School Fundraising – Running a Scholastic Book Club

Running a Scholastic Book Club

I always want to do my bit to raise money for my children’s school, but it can be really hard to find time, especially when I am in the midst of raising money for Comic or Sport Relief with Team Honk. So when Scholastic offered me the chance to test out running a Scholastic book club in my children’s school, it seemed like a really simple way to generate more books for the school.

It’s really simple to set up, Scholastic send the school booklets to go home in book bags, parents buy books and Scholastic give 20% of every spend over £10 to the school to buy books with. The books are discounted and there are some great value sets, so everyone is a winner. Check out my previous post where I rounded up some of my favourite books and sets of books.

 Greatvalue Reads for Spirited 5-11 year Olds

Getting the go ahead

As an ex teacher I know that the office staff rule the building, so getting on the right side of them is crucial. They are busy people with lots of responsibilities and there is plenty you can do to make sure the book club won’t take up too much of their time. First thing I discovered talking to office staff, was that previously the book club had involved a lot of admin for them, but now parents can buy online, there is no cash or order forms to handle, which helped to swing it. I also offered to stuff book bags if necessary.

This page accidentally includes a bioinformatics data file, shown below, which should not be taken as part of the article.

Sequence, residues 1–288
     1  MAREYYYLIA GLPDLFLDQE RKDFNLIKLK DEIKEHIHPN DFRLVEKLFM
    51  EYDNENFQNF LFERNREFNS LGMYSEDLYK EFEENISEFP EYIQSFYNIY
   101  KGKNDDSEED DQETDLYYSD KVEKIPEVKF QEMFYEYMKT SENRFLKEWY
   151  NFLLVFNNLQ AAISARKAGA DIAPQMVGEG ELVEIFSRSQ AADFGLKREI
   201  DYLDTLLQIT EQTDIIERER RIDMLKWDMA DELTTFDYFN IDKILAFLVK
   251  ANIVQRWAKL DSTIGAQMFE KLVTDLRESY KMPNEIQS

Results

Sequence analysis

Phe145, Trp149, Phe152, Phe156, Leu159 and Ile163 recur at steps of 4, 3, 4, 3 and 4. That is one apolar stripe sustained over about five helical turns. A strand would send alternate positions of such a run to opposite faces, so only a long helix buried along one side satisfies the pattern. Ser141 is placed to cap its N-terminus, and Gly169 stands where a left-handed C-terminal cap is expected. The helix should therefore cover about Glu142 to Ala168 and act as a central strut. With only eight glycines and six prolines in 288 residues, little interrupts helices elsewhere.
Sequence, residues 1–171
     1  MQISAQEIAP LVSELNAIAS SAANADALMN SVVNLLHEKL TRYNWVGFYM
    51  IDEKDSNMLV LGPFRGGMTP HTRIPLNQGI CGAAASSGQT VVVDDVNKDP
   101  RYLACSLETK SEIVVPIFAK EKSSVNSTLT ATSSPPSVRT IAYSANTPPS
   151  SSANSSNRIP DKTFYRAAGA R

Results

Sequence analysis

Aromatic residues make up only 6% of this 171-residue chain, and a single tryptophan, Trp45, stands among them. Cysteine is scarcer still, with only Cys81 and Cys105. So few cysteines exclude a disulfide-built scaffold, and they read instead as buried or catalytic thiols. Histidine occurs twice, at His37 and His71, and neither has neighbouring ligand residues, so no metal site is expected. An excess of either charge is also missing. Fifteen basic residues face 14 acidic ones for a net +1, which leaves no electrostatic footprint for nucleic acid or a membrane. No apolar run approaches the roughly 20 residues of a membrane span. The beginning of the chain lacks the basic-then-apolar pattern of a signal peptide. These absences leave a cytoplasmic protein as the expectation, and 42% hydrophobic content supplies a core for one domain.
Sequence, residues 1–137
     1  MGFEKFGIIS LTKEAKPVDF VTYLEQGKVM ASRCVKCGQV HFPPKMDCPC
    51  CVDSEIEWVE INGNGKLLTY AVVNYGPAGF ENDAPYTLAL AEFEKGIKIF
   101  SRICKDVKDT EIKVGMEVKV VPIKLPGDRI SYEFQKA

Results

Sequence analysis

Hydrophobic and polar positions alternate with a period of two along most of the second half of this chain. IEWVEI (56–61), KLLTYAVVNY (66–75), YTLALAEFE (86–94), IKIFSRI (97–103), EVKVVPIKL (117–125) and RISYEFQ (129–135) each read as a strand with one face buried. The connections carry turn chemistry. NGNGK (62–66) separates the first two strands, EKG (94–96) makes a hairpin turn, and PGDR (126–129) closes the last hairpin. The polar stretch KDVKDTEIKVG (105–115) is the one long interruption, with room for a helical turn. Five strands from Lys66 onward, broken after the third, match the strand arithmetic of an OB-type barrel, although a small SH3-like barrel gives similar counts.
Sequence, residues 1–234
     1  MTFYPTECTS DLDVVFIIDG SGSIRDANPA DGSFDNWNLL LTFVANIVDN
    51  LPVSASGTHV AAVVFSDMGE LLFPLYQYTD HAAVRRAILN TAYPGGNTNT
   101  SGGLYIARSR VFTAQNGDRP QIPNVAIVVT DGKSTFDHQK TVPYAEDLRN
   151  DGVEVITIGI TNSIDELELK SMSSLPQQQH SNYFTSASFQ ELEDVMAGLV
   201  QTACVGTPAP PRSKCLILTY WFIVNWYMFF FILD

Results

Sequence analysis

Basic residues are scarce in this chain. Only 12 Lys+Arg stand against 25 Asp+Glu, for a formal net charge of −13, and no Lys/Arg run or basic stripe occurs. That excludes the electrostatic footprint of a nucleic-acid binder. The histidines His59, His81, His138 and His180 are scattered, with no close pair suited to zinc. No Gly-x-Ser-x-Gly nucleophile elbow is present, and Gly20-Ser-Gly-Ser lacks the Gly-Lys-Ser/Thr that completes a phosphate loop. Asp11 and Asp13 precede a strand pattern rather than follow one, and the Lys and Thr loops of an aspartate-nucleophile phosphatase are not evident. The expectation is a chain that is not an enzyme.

• TIP ask the head and office staff’s permission
  • TIP having a school email address for your point of contact can be handy  – so you can send through notes for the school newsletter or text messages later
  • TIP agree a time period for the book club that doesn’t clash with school events
  • TIP – offer admin support, eg stuffing book bags!
  • TIP – volunteer to sort and distribute the books if parents ask for them to be delivered to school instead of home

Timing your book club

I had a short frame of time to run my book club due to it being a review, a longer time period might work better and give parents more chance to order, but sometimes a deadline makes people take action! The Head teacher of my son’s infant school and I chatted after and felt the end of term wasn’t the greatest timing as parents have too much to juggle, but pre Christmas, when people are looking for presents could be better.

My daughter’s junior school already run a Book Fair for a week, where Scholastic come and visit, so weren’t keen to run the book club as well. This is another great option as parents come into the school after school to browse books with their children.

 

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Setting up your book club

Once you have agreement and a date it is time to set up your book club online. There is a video explaining how to set up a book club and lots of instructions on the Scholastic site, but I am a dive in kind of person and found it very easy to follow the instructions on screen.

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Promoting your book club